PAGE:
Bun Bo Hue 3 Ways – San Diego
Loving noodle soups and looking for something different than pho, I recently learned about bun bo hue, a spicy Vietnamese noodle soup characteristic of the city of Hue, by reading mmm-yoso ( http://mmm-yoso.typepad.com ), San Diego’s best Asian, Hawaiian, and Mexican foodblog. Traditionally, the soup contains noodles shaped like spaghetti, slices of beef, pig’s foot, and pork blood and is accompanied by a plate of garnish. Having grown up eating blood sausage, I guess I feel like I have reached my pork blood quota already, so I usually say “no blood, please.”
I went into Convoy Noodle House a few months ago and ordered this dish. I like this medium sized noodle restaurant because of its bright and clean feeling ambiance and the quick and professional service. Usually whatever I order is in front of me in 5 minutes. I loved the bun bo hue there. It was spiced properly for my mouth, fiery but not uncomfortable. The dish came with lemon wedges, sliced jalapenos, sprigs of mint, and bean sprouts. A tiny bowl held some brown funky fermented shrimp paste and chili oil. Since the soup did not come with instructions, I used this as an occasional dipping sauce, occasionally touching a bit of noodle or meat into it. The beef was fairly tender and instead of pig’s foot, there was a slice of gelatinous, tendontious pork. The noodles were plentiful, the broth nicely balanced, and the whole dish a success. I left smiling about everything except the little drops of chili broth on my shirt, caused by slurping too many tasty noodles.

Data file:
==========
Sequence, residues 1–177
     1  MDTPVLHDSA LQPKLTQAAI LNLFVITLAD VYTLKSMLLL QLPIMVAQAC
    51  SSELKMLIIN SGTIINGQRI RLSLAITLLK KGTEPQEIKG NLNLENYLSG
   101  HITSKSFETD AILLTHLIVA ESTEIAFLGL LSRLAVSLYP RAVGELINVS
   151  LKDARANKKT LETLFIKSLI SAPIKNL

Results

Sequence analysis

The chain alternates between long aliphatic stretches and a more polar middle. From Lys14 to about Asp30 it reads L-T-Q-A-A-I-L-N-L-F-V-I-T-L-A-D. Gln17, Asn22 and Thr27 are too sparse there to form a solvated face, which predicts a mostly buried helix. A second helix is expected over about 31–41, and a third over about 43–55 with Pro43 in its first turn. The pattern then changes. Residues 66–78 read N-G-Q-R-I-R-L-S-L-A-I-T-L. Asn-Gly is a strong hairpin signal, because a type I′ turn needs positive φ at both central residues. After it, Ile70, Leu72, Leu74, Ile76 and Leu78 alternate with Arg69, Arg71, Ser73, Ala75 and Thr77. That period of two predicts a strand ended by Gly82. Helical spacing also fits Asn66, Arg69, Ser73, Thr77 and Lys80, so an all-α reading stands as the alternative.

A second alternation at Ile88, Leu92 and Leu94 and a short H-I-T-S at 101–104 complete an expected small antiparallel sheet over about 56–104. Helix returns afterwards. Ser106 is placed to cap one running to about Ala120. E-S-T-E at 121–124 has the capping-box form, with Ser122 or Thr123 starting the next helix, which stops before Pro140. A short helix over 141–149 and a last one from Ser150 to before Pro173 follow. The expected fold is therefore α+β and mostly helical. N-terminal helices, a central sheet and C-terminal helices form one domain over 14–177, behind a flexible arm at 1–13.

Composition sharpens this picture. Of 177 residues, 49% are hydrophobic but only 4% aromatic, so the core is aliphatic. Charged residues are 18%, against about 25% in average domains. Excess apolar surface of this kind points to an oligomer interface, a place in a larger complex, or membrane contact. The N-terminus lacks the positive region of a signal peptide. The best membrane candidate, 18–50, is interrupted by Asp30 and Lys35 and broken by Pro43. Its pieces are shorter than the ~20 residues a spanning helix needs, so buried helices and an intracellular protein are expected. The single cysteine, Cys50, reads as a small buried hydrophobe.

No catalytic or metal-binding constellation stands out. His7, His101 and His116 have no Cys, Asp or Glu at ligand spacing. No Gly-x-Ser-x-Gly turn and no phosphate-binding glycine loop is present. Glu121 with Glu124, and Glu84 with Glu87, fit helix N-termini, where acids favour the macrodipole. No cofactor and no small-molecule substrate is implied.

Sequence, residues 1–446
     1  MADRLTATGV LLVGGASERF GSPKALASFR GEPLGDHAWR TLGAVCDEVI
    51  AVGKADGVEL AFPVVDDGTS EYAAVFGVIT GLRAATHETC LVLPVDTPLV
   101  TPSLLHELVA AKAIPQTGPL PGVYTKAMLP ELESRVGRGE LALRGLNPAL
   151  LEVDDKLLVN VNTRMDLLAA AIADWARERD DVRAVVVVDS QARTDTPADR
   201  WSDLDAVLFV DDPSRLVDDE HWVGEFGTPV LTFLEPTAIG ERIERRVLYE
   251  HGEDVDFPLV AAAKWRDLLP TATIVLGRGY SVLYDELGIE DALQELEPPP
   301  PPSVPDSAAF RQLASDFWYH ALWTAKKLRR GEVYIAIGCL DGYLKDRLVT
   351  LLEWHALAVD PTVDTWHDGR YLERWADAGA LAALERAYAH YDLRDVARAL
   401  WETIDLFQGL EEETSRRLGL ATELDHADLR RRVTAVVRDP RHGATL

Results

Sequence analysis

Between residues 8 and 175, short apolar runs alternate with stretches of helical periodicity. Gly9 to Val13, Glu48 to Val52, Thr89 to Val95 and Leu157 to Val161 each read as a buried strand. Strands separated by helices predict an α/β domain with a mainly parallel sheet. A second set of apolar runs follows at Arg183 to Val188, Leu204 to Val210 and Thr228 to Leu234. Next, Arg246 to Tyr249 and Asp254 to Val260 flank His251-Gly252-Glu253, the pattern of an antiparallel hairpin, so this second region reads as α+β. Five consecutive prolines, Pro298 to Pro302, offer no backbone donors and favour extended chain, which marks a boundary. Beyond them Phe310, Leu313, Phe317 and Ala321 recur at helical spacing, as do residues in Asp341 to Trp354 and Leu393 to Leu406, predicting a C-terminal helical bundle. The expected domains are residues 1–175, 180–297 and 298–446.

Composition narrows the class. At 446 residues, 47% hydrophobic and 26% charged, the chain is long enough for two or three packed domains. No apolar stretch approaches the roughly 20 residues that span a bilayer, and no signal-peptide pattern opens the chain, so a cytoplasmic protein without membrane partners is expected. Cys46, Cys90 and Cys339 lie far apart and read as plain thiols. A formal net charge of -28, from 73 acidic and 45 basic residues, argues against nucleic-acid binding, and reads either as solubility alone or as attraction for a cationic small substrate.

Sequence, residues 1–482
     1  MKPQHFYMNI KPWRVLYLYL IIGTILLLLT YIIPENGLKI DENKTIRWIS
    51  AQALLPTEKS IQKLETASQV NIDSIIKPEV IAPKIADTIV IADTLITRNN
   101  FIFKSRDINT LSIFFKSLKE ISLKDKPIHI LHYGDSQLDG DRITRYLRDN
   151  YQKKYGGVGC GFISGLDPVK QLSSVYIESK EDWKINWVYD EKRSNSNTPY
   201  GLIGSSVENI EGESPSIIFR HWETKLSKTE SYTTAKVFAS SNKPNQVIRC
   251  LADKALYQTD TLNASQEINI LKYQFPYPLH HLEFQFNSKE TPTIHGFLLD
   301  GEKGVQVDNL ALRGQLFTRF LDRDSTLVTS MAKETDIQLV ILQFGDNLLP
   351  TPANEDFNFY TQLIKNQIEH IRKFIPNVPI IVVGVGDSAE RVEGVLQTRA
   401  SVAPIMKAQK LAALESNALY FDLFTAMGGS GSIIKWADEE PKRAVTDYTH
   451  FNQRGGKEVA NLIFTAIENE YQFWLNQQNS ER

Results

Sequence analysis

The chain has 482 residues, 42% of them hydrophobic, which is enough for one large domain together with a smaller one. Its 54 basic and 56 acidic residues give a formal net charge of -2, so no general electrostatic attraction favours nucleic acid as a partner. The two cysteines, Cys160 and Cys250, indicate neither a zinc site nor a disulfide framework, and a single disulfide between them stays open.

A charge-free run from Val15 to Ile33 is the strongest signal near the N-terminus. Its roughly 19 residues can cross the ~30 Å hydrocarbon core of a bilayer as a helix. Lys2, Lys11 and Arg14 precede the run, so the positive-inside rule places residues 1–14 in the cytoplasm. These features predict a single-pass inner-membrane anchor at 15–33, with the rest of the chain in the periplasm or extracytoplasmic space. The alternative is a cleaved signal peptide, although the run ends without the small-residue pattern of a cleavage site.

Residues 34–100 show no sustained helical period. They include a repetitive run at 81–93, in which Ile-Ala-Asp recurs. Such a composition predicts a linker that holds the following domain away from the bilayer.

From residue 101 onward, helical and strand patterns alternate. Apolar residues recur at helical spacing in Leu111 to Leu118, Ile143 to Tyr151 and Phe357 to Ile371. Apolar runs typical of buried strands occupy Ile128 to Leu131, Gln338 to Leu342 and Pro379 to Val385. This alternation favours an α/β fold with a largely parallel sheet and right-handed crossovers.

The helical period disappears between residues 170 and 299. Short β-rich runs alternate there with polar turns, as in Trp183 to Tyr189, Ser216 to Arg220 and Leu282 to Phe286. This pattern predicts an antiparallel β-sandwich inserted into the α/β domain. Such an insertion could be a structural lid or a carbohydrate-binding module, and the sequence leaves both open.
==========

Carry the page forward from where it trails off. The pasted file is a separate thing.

Then Kirk (of mmm-yoso) told me about Pho Ca Dao, out on El Cajon Boulevard. The ambiance here is a little less bright and shiny, but the waiters are efficient and quick. Although the bun bo hue is also filled with ample round noodles, the soup is very different from Convoy Noodle House. The beef was a bit tougher and fattier, the pig’s foot was just bone and skin, and along with the mint, jalapenos, and bean sprouts, a pile of red cabbage adorned the garnish platter. But the biggest difference was the broth, in which the fermented shrimp paste is added by the kitchen and provides a main flavor component. This was a very savory and robustly flavored soup with all kinds of umami. I can’t say that I loved the red cabbage – it mostly seemed to be there as a contrastive texture – but on both of my visits, I left Pho Cao Da happily smiling except for, of course, the dots of chili stain.